Trainer Alan Scorse continues strong revival with What Could Be city win

WHAT Could Be broke through for a Sydney victory on Wednesday to continue the revival of Newcastle trainer Alan Scorse.

IN FORM: What Could Be and Alan Scorse. 
Picture: Marina Neil

IN FORM: What Could Be and Alan Scorse. Picture: Marina Neil

The five-year-old, a $10 shot, was one of four winners for jockey Kerrin McEvoy at Randwick, after jumping to a surprise lead and holding on late in the 1000m benchmark 75 handicap.

What Could Be had three victories, all at Newcastle, before the win at his in 22nd start. It was also the fifth winner in the past 11 starters for Scorse, who is on the comeback from cancer treatment.

“It’s been very good the last couple of months,” said Scorse, who has a “half dozen” in work and won with Cheers Joyce at Newcastle on Saturday. “[What Could Be] deserved it. All along he’s been very consistent and he just needed a bit of luck and it went his way today.

“He got up in the weights too quickly after those three wins and he was very hard to place because he can’t run on a tight-turning track. He found the right track and race today.”

“When the leader bucked out of the barrier, it just left him out in front and it was just beautiful.

“Kerrin took advantage of the situation and rode him well, and that’s what good jockeys do.”

Scorse was eyeing a class four Championship Preview (1300m) at Scone on February 23 before the Randwick win but was unsure now what was next for What Could Be.

“I had him set for a race at Scone, but he might get too much weight now.

“He needs a big track, that’s his biggest problem. He can’t run at a Canterbury or a Warwick Farm. It’s Randwick, Newcastle or Scone. I’m limited to where I can take him and what races I can run him in.”

McEvoy said it was nice to get a winner for Scorse, who did not make the trip to Randwick because of his health.

“I can get down and back OK, but the next day I’m completely gone,” Scorse said.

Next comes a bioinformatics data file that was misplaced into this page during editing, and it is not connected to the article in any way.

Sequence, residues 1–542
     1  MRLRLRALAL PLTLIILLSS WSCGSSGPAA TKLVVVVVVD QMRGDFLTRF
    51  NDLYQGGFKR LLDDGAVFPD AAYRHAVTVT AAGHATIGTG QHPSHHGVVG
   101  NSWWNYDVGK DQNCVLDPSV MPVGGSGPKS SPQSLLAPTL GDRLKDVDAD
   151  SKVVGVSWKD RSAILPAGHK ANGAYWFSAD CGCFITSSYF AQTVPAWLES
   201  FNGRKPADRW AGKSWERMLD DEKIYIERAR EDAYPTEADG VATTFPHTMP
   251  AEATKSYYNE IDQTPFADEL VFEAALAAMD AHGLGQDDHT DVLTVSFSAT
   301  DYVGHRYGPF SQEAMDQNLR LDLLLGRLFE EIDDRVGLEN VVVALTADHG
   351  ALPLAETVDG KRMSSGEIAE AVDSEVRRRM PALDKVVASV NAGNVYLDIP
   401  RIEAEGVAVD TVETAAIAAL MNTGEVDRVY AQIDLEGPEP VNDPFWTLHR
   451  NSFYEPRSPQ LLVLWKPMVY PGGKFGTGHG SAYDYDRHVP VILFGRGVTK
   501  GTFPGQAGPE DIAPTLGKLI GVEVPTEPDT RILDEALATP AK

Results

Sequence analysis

Asked when was his last city winner before Wednesday, Scorse said: “Can’t remember".

AAP reports: Scone trainer Brett Cavanough is hoping to clarify the next phase of Another Sin's career when the gelding has a second crack at competing in group company.

The three-year-old was being aimed at the Magic Millions carnival but a foot abscess put paid to those plans.

Brett Cavanough

Brett Cavanough

He will now line-up in the group 3 Eskimo Prince Stakes (1200m) at Warwick Farm on Saturday so Cavanough can weigh up his future.

"We're at the crossroads. If he's good enough to win we'll press on with a three-year-old campaign and if he's not we can back up and he can be a Country Championship horse," Cavanough said.

Another Sin has already indicated he is comfortable at Highway Handicap level with a first - on debut - and second to show for his two runs in the metropolitan-hosted series for country-trained horses.

After breaking his maiden in August at Rosehill, he found the step up to black-type arduous a fortnight later when trailing the group 3 San Domenico Stakes (1100m) but Cavanough said he was ready for another shot.

"He's a pretty sharp horse, he's still a little bit immature but he'll sprint a lot fitter on Saturday. He's lost a lot of puppy fat in the last fortnight," Cavanough said.

He was also keen to determine whether Another Sin should stick to sprinting or extend himself to 1400 metres, the distance of the Country Championships final at Randwick on April 7.

"We were hoping to know by January whether we had a 1400-metre horse but that setback put us behind the eight-ball," he said.